Chris Rock mines his history as a comedian-turned-actor for the hilarious Top Five

“What’s your top five?” is the question that triggers the characters of Top Five to excitedly announce their five favourite hip hop acts. Someone includes Ice Cube in his list, which leads to uproarious laughter and irreverent yelling. This question is kind of like a party trick: it initiates the conversation, while also maintaining a distinctly chill demeanour. This is what makes Top Five tick: the film is hilarious and whip smart, while also cool and composed. Written, directed by and starring Chris Rock, Top Five is undeniably Rock’s best work in recent times.

Rock plays comedian-turned-film-star Andre Allen, who after a string of Hollywood hits as Hammy the Bear, wants to be “taken seriously”. Unfortunately, his new movie as a Haitian slave revolutionary looks bound for box office disaster and his upcoming televised wedding to reality star Erica Long (Gabrielle Union) comes at a hefty price. Journalist Chelsea Brown (Rosario Dawson) trails Allen for a piece for a day and they eventually trade stories while walking around the city, shedding insight into Allen’s personal history and career journey.

While Top Five has been frequently alluded to Woody Allen or Louis C.K., the New York in Top Five quite evidently resembles another movie Rock has starred in — Julie Delpy’s excellent Two Days in New York. Like Delpy, Rock situates the streetscapes of the city as the battleground for two opposing forces. Delpy situates her French heritage, represented by her real-life loud crass parents, against her American lover played by a charming, easy-going Rock. Similarly, in Top Five, Allen and Brown walk down the city streets, spouting amusing, cheeky anecdotes while also highlighting their keen racial awareness as a person of colour living in New York. This is also the strongest feature of Top Five — the relaxed storytelling and the laidback, strolling camera versus the hijinks and madcaps of the film’s narrative makes for a riveting cinematic experience. That is, until you get distracted by the celebrities.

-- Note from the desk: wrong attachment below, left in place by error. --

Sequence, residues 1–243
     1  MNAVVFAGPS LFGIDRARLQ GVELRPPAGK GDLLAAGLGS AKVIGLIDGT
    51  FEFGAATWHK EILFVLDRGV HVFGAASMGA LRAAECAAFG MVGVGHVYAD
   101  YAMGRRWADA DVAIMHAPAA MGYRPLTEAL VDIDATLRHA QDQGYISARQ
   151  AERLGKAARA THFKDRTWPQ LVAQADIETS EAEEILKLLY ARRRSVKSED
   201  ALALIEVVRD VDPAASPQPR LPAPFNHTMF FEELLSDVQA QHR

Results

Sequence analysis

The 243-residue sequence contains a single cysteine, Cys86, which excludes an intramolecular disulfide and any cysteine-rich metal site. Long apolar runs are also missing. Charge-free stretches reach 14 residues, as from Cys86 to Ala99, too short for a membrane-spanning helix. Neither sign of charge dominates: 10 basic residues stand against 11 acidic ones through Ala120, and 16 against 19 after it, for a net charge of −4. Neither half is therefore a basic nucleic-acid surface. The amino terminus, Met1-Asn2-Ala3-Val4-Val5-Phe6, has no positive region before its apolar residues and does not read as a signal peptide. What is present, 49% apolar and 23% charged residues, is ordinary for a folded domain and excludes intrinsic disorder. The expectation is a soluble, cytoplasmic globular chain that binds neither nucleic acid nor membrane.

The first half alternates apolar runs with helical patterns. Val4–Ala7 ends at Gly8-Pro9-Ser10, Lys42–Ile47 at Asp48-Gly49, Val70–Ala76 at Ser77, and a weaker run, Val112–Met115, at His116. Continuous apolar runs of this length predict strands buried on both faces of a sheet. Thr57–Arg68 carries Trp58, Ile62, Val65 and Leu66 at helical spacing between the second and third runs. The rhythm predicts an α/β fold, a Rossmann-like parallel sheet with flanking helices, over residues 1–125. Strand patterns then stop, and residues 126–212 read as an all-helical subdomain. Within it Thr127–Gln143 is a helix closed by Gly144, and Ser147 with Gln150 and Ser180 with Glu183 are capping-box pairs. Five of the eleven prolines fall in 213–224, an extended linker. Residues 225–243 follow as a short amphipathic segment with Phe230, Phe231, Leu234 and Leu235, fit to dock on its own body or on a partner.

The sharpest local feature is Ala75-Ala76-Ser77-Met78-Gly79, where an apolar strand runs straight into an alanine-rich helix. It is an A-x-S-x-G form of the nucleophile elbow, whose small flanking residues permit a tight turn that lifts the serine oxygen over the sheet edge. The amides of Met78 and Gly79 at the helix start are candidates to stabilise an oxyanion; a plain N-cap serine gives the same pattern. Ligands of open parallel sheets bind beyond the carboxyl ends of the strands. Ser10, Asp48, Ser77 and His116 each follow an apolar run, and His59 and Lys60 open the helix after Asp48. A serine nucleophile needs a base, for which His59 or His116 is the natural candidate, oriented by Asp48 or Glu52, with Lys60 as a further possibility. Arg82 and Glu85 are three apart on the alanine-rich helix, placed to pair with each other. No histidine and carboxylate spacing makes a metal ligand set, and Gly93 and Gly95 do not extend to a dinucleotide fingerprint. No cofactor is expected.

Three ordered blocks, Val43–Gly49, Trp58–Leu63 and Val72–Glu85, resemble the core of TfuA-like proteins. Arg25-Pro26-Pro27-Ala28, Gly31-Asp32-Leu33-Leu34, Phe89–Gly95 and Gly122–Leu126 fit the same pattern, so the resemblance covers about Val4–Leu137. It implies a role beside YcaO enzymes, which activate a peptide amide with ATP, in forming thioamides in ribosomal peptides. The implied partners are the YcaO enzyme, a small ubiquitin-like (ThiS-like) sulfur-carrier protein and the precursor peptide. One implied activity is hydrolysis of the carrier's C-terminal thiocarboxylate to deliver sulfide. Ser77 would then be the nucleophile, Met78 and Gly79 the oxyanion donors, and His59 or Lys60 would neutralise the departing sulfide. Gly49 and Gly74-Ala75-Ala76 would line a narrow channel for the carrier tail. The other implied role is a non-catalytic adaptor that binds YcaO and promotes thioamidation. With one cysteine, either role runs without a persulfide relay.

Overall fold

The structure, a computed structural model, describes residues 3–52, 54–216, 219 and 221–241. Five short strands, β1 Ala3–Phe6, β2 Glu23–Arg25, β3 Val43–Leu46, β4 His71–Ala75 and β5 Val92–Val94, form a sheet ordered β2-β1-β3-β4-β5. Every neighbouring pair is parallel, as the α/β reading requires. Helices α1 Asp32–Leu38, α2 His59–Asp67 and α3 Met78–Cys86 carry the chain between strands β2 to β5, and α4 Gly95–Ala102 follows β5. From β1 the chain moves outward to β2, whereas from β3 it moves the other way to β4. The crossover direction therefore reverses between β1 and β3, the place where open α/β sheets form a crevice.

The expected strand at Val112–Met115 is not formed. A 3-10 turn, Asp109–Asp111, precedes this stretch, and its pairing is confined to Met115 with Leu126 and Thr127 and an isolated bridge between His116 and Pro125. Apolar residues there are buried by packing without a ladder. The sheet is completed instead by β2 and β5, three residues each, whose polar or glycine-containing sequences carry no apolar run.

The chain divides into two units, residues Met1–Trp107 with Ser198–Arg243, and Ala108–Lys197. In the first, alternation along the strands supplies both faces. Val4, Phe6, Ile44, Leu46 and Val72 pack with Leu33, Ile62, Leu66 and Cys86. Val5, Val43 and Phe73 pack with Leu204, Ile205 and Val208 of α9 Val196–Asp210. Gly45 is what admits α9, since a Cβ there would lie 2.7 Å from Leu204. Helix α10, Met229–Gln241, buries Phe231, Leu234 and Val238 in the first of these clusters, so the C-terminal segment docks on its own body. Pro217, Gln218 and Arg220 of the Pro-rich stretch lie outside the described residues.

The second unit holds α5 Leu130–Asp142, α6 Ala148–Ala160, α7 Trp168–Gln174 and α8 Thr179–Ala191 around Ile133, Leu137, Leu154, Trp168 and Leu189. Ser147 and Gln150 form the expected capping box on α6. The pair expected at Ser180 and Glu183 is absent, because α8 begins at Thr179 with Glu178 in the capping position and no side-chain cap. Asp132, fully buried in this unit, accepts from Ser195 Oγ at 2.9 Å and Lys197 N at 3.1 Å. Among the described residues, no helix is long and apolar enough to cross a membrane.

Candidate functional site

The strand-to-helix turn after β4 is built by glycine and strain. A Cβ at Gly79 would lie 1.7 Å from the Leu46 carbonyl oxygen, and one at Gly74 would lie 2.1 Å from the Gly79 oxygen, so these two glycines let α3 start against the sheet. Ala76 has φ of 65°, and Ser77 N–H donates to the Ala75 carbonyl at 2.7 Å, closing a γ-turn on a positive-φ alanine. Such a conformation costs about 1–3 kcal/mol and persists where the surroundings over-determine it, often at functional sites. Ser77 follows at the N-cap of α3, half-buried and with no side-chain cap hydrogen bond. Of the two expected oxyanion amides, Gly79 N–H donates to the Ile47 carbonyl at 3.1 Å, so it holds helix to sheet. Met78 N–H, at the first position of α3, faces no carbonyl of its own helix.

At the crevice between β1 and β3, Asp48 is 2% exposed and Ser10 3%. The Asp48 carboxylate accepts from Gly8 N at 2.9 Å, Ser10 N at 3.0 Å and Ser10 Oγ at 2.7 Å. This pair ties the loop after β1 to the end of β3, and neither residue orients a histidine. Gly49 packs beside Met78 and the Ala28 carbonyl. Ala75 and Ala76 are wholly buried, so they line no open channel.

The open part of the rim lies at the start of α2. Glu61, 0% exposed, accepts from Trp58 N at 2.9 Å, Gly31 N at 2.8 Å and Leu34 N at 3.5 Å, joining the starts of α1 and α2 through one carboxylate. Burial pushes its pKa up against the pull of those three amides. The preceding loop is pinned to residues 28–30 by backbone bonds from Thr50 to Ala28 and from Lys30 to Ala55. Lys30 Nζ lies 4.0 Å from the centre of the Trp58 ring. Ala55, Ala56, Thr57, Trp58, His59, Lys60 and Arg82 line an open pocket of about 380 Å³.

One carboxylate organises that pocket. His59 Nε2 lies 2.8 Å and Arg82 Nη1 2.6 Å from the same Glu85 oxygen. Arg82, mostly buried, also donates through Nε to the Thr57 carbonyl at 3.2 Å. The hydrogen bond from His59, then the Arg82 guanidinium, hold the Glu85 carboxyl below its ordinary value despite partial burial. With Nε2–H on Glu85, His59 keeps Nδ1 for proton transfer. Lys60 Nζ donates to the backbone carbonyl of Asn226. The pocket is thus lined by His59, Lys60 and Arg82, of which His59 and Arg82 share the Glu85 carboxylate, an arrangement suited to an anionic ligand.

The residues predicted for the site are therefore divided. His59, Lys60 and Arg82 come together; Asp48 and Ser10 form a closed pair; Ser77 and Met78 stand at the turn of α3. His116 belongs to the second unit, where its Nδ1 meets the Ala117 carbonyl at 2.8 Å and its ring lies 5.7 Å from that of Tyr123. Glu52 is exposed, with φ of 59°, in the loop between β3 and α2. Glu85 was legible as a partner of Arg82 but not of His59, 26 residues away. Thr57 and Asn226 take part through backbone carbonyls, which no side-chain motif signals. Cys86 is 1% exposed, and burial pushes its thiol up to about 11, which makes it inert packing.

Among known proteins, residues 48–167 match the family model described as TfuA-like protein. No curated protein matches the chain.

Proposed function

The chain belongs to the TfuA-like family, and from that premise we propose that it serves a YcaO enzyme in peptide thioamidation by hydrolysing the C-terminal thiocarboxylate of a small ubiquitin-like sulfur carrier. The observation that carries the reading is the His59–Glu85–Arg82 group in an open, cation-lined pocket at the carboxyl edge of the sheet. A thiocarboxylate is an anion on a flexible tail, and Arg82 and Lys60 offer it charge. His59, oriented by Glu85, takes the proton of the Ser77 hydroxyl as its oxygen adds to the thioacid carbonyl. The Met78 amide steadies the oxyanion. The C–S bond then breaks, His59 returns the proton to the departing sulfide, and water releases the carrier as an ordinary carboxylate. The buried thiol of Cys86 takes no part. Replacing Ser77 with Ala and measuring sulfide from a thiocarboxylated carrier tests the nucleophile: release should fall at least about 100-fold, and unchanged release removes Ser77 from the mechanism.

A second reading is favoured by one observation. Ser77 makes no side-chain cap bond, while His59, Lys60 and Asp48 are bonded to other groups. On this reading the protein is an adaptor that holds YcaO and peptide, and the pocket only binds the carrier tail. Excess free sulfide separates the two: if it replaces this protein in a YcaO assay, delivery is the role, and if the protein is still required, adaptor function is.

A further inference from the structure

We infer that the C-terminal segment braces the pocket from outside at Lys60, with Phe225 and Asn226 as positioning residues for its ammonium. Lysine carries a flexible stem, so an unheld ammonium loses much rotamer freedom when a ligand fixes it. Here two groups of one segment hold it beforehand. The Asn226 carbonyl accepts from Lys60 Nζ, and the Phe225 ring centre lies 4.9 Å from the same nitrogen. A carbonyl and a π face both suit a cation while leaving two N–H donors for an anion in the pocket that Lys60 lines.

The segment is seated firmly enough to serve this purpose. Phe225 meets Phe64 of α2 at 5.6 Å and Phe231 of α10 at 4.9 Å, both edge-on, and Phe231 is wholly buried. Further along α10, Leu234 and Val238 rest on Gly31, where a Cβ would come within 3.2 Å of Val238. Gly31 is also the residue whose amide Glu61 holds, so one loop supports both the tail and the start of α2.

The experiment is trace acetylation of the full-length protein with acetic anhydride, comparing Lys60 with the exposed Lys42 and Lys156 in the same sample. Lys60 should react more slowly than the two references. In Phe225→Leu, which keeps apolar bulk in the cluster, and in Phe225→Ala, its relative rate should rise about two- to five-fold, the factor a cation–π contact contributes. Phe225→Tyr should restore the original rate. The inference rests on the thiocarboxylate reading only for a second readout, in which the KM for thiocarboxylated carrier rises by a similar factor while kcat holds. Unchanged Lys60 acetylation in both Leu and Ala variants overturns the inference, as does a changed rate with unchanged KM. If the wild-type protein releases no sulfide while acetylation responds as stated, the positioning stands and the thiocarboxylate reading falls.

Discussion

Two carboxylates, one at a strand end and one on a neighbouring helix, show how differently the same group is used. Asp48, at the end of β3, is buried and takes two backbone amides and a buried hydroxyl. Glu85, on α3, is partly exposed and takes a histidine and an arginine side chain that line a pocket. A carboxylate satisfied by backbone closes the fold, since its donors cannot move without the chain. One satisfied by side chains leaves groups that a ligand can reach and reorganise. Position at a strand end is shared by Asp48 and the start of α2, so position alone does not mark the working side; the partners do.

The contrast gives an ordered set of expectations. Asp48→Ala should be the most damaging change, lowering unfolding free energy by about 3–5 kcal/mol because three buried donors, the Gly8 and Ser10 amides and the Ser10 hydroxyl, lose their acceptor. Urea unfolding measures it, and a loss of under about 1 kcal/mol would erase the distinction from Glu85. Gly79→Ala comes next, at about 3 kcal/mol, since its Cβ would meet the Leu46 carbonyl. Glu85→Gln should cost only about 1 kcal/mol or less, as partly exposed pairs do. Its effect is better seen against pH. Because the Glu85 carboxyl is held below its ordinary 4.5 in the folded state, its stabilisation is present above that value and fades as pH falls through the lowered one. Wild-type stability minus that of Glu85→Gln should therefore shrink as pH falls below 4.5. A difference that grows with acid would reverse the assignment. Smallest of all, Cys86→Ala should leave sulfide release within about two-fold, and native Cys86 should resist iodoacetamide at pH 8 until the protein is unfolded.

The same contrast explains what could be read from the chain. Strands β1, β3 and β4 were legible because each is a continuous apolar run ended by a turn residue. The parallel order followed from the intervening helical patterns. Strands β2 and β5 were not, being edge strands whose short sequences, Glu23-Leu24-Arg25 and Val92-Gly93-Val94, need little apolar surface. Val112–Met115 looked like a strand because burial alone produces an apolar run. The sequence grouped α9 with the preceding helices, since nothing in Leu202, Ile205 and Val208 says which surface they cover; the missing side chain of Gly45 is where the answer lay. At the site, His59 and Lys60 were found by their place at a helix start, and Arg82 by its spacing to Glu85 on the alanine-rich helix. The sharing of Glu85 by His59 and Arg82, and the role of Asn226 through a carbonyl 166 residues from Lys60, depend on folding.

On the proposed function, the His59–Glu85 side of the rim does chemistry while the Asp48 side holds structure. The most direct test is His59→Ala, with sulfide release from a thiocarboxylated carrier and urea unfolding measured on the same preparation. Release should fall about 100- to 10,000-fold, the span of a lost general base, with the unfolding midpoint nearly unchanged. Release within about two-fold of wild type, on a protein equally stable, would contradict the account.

Top Five is like a roll-call for famous African-American entertainers: there’s Tracy Morgan, Cedric The Entertainer, J.B. Smoove, Sherri Shepherd, Romany Malco, Kevin Hart and a scene-stealing cameo by DMX. One highlight is during Allen’s bachelor party where Adam Sandler, Jerry Seinfeld and Whoopi Goldberg give Allen some marital advice. Seinfeld is at his most Seinfeld-esque and Sandler is refreshingly earnest. In another moment where Allen hangs out with his close friends, Rock recruits black SNL cast members like Tracy Morgan, Leslie Jones, Michael Che, and Jay Pharoah (did someone not give Kenan Thompson the memo?). The entire scene feels like improv, flippant remarks and vulgar comebacks ease through the conversation. Rock certainly did well in calling on his friends — the cast of Top Five is ridiculous and amazing.

Amidst Rock’s latest career moves into Madagascar and Grown-Ups, Top Five come as a very pleasant surprise. The film’s semi-autobiographical nature is very endearing, which makes Top Five so unique in Rock’s recent repertoire. For example, Top Five is chiefly backed by Jay-Z and Kanye West’s “N*ggas in Paris” (who are also co-producers), and it feels more like a song that Rock really, really likes rather than music that works best for his movie. Overall, the film involves Rock putting together things he is a huge fan of anyway — good stand up, great company and excellent hip hop — which makes Top Five a truly enjoyable ride.

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